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Re: Design of bollards

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ASQUILALA(--nospam--at)aol.com wrote:

> I think some of our list members misundertood the above statement.  My
> understanding is that speed bumps are placed before the bollard to slow down
> the vehicle before hitting the bollards.  This is the proper way to make sure
> that the vehicle will not hit the bollard at top speed.
> Placing only speed bumps instead of bollards will definitely won't gonna
> work.

As I understand several of the post, people are questioning whether using speed
bumps to limit the speed at which a vehicle can hit a bollard is effective, since
vehicles can cross speed bumps at very high speeds if damage to the vehicle is
not an issue.  A speed bump may be sufficient to limit the speed if your concern
about the bollard capacity is mainly for minor accidents and superficial damage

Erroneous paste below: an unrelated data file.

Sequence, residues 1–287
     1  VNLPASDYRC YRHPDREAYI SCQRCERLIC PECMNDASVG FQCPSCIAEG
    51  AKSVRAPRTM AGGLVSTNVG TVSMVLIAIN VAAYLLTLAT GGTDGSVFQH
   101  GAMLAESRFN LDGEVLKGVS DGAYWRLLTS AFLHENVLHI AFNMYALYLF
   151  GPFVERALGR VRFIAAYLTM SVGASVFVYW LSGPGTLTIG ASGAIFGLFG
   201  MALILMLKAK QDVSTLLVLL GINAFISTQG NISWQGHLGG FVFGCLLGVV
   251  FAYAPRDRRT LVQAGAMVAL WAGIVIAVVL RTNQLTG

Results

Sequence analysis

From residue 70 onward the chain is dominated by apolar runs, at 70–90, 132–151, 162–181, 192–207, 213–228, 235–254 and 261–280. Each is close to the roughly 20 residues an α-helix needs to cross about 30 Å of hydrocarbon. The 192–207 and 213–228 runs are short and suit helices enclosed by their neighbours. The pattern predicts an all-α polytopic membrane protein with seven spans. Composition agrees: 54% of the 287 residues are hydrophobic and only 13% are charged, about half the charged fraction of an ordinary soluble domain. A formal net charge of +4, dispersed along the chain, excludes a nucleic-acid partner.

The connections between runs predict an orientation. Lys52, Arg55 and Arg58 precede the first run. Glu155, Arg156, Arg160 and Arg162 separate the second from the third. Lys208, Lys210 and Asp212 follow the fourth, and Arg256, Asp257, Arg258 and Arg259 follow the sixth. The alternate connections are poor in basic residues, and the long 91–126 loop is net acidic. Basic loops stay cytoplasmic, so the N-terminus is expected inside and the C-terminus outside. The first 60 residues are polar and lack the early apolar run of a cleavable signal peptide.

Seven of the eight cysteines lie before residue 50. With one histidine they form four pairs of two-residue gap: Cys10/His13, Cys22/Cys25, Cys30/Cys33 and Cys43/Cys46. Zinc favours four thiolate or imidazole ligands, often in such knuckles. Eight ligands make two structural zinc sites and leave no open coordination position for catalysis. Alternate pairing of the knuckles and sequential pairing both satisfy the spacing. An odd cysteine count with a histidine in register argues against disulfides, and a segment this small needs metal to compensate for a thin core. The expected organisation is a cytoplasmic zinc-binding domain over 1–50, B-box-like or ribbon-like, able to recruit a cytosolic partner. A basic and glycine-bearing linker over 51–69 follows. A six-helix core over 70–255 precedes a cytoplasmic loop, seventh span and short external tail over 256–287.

to a building exterior (such as a fast food drive through), but a speed bump
probably does not help reduce the speed of impact if you are concerned about
deliberate acts of violence or high speeds accidents in general.  If life safety
is the issue, it might be advisable to design the bollard for a high speed
impact, regardless of the presence of speed bumps.  If the bollard cannot
tolerate such impacts, there are many option, such as jersey barriers, large
planters, etc.  The massive concrete flower planters springing up around
government buildings around the country aren't just for looks, after all.
Forcing a vehicle to make a right angle turn immediately before approaching
whatever your don't want to get hit is also effective (assuming the approach is
sufficiently limited that a vehicle can't just come straight at the location some
other way, like across a lawn), since the speed that a vehicle can negotiate a
sharp turn is limited.  That approach has been used in front gate designs since
Biblical times (since sharp turns also slow down unruly mobs and charging armies)
and is evident in fast food drive throughs.  Even in small spaces, speeds can get
very high, so it pays to be careful.  A vehicle in a parking garage near my
office went out of control last year (driver had a heart attack) and hit a
concrete column at an estimated 70 mph.  I wouldn't have guessed that you could
get up to 70 mph in a parking garage straight-away.  It was a big car, too, and
managed to put some large cracks in the column.